Nozomi review: Al Khobar welcomes authentic fine-dining Japanese fare

With imported ingredients and gold-flecked dishes, this is a go-to destination for special occasions

Founded in 2004 by restaurateur Marios George, the first Nozomi in London was a huge hit with Saudi travellers.

Its Riyadh outpost quickly became known as one of the best fine-dining establishments in the kingdom. In March, Al Moajil Hospitality group took the Japanese restaurant to Matal, the new corniche development in Al Khobar – and this one's bigger and better than ever.

Where to expect and where to sit

Nozomi opened in Al Khobar, Saudi Arabia, in March. Photo: Nozomi

Located on the second floor of the food complex in Matal, Nozomi is described as a “hidden gem” by chef Pawel Viktorek, culinary director of Al Moajil Hospitality.

Viktorek, who has been in the kingdom for three years and has had experience heading Zuma, says: “After all my years in the GCC, I like Saudi Arabia the most, especially Al Khobar. The people are friendly and the location is great with a beautiful shoreline. I find Al Khobar is a hidden gem, just like this restaurant.”

Indeed, everything seems to slow down once you walk into Nozomi, and you're greeted with a refreshing scent and smiling hostesses. Within, traditional Japanese architecture, replete with bamboo and wood, creates a secluded, intimate and luxurious space for diners, while a seat on the terrace comes with beautiful views of the Moon suspended over Khobar's corniche.

The menu

Nozomi is the first restaurant in Khobar to ship its produce – from the seafood and Grade 12+ Wagyu to the wasabi – directly from Japan, guaranteeing the “freshness and quality of your sushi platter”, Viktorek says.

My dining partner and I start with edamame followed by miso soup, one with Angus beef, the other with vegetables, served in colour-coordinated handcrafted ceramic bowls. The accompanying steamed buns are stuffed with Angus and tonkatsu sauce, and are branded with the Nozomi logo for an Instagrammable shot.

Nozomi-branded nikuman buns. Photo: Nozomi

Next we try the crispy fried shrimp popcorn. This is served with a side of green chilli mayonnaise, which is a refreshing change from the typical sauce-drenched style. It's tempting to keep on snacking, but do save room for the authentic Japanese seafood platter, which is exquisite. It includes hamachi, akami and an unbelievably fresh and delicious gold-seared salmon dressed with avocado truffle cream and tobiko, and classic California maki.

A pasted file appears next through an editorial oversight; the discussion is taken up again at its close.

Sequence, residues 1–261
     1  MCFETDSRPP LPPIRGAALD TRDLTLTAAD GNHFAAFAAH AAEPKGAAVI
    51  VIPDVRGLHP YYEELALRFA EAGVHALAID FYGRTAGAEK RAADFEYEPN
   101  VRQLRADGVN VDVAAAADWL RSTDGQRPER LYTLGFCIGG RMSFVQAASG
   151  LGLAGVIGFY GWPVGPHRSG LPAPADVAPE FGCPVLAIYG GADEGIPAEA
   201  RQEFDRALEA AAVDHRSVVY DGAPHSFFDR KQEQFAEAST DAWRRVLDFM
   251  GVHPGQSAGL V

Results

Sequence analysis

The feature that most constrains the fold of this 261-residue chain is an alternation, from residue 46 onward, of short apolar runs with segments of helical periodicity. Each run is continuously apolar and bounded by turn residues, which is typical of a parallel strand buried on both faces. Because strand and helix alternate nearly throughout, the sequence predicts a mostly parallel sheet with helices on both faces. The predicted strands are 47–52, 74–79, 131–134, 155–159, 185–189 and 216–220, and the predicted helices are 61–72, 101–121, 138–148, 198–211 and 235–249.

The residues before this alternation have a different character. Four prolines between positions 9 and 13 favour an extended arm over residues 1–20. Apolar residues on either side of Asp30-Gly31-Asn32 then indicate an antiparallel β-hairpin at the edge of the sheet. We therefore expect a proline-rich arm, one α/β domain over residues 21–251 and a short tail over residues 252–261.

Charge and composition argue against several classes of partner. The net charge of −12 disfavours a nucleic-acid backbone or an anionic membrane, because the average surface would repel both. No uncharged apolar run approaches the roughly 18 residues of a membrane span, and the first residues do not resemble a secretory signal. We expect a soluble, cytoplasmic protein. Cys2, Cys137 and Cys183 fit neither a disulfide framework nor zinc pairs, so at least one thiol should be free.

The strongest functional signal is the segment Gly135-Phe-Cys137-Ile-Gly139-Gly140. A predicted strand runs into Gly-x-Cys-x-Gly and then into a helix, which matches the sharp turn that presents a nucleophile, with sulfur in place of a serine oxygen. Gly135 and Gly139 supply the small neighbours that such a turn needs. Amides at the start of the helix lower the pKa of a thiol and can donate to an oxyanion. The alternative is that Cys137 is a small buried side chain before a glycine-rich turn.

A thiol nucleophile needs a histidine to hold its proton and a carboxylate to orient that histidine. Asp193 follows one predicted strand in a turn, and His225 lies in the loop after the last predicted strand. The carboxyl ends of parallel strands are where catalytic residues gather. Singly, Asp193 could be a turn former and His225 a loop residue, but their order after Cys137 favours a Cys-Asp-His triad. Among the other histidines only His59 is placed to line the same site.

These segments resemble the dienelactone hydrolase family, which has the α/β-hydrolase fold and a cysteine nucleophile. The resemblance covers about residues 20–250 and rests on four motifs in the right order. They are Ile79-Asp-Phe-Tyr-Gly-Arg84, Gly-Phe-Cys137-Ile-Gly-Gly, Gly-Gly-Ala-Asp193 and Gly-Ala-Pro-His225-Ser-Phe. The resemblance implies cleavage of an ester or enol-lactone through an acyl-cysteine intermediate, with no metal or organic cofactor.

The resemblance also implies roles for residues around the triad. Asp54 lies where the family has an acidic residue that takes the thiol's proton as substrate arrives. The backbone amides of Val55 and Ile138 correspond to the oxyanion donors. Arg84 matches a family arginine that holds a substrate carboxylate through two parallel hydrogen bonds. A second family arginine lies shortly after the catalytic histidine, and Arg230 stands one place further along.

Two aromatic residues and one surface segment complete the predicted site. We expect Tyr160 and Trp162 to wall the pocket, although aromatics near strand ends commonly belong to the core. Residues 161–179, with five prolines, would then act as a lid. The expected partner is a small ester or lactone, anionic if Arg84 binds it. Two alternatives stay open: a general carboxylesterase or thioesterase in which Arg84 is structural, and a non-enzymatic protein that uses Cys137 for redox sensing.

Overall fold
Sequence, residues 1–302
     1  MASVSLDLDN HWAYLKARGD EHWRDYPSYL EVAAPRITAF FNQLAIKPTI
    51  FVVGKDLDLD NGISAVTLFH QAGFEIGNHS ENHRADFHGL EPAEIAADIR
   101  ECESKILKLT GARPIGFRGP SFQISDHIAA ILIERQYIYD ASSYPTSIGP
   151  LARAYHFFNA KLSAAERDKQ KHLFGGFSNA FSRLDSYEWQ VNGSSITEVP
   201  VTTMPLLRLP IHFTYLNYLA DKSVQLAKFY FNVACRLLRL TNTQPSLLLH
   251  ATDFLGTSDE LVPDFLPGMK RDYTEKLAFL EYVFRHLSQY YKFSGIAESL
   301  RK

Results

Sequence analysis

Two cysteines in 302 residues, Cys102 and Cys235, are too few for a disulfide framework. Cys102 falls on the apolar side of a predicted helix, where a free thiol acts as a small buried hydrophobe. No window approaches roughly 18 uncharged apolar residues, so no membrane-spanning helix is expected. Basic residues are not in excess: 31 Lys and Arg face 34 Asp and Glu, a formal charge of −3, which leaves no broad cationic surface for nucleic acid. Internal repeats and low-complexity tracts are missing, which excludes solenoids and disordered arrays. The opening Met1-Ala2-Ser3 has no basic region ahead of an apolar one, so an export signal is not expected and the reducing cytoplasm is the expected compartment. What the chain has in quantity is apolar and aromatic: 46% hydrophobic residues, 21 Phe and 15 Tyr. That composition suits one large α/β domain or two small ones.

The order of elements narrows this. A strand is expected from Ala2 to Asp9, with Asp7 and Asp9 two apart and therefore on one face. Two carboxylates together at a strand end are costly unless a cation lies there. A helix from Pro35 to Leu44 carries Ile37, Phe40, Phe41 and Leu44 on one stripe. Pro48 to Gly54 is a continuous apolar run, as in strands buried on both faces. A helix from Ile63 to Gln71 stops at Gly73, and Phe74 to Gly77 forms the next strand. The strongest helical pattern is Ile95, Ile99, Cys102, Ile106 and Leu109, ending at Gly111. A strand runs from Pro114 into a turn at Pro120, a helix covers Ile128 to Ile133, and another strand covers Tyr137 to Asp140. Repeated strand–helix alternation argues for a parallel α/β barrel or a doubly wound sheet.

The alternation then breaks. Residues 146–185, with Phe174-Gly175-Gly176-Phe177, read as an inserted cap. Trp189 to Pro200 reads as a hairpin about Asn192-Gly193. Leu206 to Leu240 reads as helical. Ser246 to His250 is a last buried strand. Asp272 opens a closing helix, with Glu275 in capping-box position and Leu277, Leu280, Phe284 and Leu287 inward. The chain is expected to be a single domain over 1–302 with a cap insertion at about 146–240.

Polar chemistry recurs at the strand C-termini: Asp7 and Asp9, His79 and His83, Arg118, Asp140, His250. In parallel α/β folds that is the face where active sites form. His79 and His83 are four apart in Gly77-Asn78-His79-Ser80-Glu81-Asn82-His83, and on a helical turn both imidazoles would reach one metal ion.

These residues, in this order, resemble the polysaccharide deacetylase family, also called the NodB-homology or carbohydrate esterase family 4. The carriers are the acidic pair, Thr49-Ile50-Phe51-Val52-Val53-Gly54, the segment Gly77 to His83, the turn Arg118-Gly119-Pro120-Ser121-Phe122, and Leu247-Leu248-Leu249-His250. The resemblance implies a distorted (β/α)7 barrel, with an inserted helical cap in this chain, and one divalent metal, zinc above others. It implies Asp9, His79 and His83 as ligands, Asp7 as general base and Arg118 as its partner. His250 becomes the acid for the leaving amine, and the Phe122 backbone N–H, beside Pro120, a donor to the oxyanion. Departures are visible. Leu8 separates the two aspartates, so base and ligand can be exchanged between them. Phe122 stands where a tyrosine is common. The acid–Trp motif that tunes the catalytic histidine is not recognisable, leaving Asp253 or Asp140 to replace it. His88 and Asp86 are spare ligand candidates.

While Wagyu beef sliders are a favourite starter in Saudi Arabia, we'd replace them with Nozomi's new entry: Wagyu sandos, scrumptiously tender meat sandwiched between soft brioche.

Stand-out dish

Wagyu sando at Nozomi. Photo: Nozomi

The Wagyu sando is the unexpected star of the show, and comes sprinkled with 24k gold confetti. The juicy meat and buttery bread are held together with Japanese honey mustard, all of which melts in the mouth and fills up the heart simultaneously.

The flavourful, tender black cod is another showstopper. It comes wrapped in bamboo branded with the Nozomi logo, and unfolds in front of your eyes.

A chat with the chef

Head chef Gohei Kishi says he always tries to bring out the most umami flavour in his dishes. “Umami-focused dishes can be about enhancing the flavour of a single ingredient, or touching upon five points: the main ingredient, freshness, aroma, texture and even the colour.”

Some dishes Kishi recommends include: for vegetarians, the mushroom takikomi rice, with shiitake, dashi kombu, soy miso butter and shiso powder; for meat-lovers, Grade 12+ Japanese Wagyu beef cooked on a charcoal robata grill; for seafood-seekers, a sushi-sashimi omakase platter; and, for dessert, the signature sharing platter filled with exotic fruit, fondant au chocolate, miso cheesecake and sorbets.

Those celebrating something special can glam up their table with chef Pawel's recommendation: the indulgent seared salmon truffle maki with 24k gold.

Price point and contact information

Small dishes range from the miso soup, priced at a modest 35 Saudi riyals ($9), to the Wagyu sliders, which will set you back SR210. The chef's nigiri and sashimi platters go from SR200-SR350, while maki rolls are priced in the SR78-SR135 range. Mains are divided between seafood (SR145-SR255) and robata meats (SR138-SR270), and desserts go from SR58 for three scoops of ice cream, to a tasting platter for SR380.

Reservations are recommended and can be made by calling +966 9200 12681 or from the website.

This review was conducted at the invitation of the restaurant

Updated: May 06, 2022, 6:02 PM